News & Politics

Marcus Brauchli is Sinking the Washington Post

According to staffers past and current, the executive editor has sapped the newsroom's vitality

Photograph by Marc Bryan-Brown/WireImage

We published Post Watch every month for 18 years because most Washingtonians read the Washington Post. Like the Redskins and Metro, it connected residents of our region. In 1990, the Post arrived on more than a million doorsteps every Sunday and 800,000 on weekdays. Post Watch tried to get inside the newspaper, putting faces on the bylines and looking at what it did well and not so well.

Now those numbers have been nearly cut in half and the Web has changed how we get information. A friend asked why I write every month about the Post: “It doesn’t count anymore.” It certainly counts less, so this is the last Post Watch. Next month we begin Media Players, with a wider scope.

The Post explains its distress by saying it’s facing the same market forces that are affecting news organizations worldwide. That explains business challenges, but the paper’s journalism also has gone downhill.

Since coming to the Post from the Wall Street Journal three years ago, executive editor Marcus Brauchli, 50, has sapped the newsroom’s vitality, according to staffers, past and current. A diffident and shy man, he seems unable to rally the troops. His assistants, Liz Spayd and Raju Narisetti, also have strained relations with staff. A Brauchli confidant recently asked staffers how he could “build back support.” One response: “He’d have to start from scratch.”

From the day Brauchli accepted the job and announced—while reading from three-by-five cards—that he was excited to become executive editor, he’s been physically and emotionally unavailable, Posties say. In the redesigned newsroom, he can get from his office to an elevator without encountering reporters.

A news organization runs on energy and loyalty. Executive editor Ben Bradlee got both; his successor, Len Downie, inspired the staff to do its best work. Many of the Post’s top reporters have left, among them Anthony Shadid, Bart Gellman, Robin Givhan, and Howard Kurtz. Each had offers and personal reasons, but none stayed because they wanted to work for Brauchli.

Brauchli’s damage to the Post has been self-inflicted—and poorly explained.

“There’s a sense in the newsroom he doesn’t know stories and doesn’t care,” says a writer. “Metro, Style, and Sports—he doesn’t care at all.” Posties say he favors the financial section.

Take the publishing side’s idea in 2009 to hold “salons” in which reporters would attend meetings sponsored by companies they might cover. Bad idea. Bradlee or Downie would have killed it; Brauchli was against the salons—but only after the plan became public. He wound up apologizing for his vacillation.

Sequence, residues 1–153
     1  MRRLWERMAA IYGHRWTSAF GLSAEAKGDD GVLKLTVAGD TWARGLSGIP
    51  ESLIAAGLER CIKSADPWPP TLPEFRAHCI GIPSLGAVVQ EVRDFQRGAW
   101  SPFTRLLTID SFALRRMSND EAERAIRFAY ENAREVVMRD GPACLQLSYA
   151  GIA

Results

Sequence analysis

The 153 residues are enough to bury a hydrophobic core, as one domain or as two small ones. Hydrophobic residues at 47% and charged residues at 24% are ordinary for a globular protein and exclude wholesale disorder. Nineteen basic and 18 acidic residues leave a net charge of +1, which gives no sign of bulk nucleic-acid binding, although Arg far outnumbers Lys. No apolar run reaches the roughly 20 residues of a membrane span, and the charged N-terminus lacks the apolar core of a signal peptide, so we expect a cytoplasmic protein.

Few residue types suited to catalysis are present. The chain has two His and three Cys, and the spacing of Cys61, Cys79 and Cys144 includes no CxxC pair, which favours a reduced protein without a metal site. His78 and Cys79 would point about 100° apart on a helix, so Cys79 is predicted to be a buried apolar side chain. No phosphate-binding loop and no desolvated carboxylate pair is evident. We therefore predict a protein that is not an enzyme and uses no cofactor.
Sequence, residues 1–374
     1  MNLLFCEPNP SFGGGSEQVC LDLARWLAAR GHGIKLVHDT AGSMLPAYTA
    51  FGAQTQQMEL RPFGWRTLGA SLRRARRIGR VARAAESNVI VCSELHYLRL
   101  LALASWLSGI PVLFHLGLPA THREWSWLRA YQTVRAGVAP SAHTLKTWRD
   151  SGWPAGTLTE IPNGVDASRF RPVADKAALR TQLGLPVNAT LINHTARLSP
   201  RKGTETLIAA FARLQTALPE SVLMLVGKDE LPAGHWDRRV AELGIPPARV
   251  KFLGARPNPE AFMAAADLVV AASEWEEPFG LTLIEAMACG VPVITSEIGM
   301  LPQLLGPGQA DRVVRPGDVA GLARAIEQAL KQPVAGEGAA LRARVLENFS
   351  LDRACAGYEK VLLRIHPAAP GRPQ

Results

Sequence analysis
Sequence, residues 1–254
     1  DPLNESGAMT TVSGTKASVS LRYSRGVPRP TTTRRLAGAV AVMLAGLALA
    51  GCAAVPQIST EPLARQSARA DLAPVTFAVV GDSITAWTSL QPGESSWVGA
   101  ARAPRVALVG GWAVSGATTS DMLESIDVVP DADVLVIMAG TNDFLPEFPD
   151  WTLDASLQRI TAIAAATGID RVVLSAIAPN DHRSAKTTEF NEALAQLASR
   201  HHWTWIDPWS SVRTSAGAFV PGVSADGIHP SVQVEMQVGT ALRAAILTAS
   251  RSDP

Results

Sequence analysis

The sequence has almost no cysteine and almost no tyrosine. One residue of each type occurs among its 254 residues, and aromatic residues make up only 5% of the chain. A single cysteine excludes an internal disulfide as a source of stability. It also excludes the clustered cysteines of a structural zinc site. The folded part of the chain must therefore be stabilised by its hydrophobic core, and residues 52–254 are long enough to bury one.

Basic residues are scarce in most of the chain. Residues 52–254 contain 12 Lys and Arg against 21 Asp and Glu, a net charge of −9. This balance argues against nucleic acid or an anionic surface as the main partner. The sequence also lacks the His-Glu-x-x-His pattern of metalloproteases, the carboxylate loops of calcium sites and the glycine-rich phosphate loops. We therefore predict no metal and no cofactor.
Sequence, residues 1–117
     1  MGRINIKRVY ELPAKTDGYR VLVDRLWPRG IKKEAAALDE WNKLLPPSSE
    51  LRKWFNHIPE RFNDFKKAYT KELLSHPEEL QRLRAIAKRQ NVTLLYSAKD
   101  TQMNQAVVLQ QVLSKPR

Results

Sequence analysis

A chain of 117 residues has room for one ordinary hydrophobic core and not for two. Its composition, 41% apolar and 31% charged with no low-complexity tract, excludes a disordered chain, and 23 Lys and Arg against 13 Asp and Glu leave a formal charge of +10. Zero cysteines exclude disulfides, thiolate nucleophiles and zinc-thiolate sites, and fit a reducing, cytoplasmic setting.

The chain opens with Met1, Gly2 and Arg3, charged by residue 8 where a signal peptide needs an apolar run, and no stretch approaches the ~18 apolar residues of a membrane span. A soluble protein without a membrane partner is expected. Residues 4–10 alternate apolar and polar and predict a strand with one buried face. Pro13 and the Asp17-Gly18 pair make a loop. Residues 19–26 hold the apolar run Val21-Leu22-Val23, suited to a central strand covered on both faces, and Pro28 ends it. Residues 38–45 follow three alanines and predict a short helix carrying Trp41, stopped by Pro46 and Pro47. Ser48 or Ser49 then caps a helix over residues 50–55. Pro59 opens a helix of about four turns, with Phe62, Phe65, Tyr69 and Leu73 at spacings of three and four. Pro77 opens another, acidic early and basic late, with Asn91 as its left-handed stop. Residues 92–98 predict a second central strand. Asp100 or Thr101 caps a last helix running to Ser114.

On Brauchli’s watch, typos have proliferated, sports coverage has become leaden, local Metro coverage has been starved. Brauchli has introduced a Web site that readers say is cluttered and hard to navigate.

To run Style, he tapped Ned Martel, a New York journalist who’d never edited at a daily. He paired Martel with veteran Post editor Lynn Medford to coedit what Brauchli called a chemistry experiment. It blew up in screaming matches. Medford moved to the Sunday sections; Martel alienated writers and finally stepped down to write—but not before he reportedly clashed with Pulitzer Prize–winning fashion writer Givhan, who left. Brauchli issued a memo saying how pleased he was that Martel would be writing. In truth, it was another Brauchli management disaster.

Brauchli’s decision to kill a first-person essay by reporter Jose Antonio Vargas was typical. Vargas pitched his tale of how he had been a successful journalist, including five years at the Post, but lived a lie as an illegal alien for much of his life. Brauchli invited the piece, editors worked on it for months, then Brauchli spiked it. The New York Times Magazine published it in June. Brauchli never explained his reasoning to his editors, staff, or readers.

What needs explanation is why he’s still in charge.

This article appears in the August 2011 issue of The Washingtonian. 

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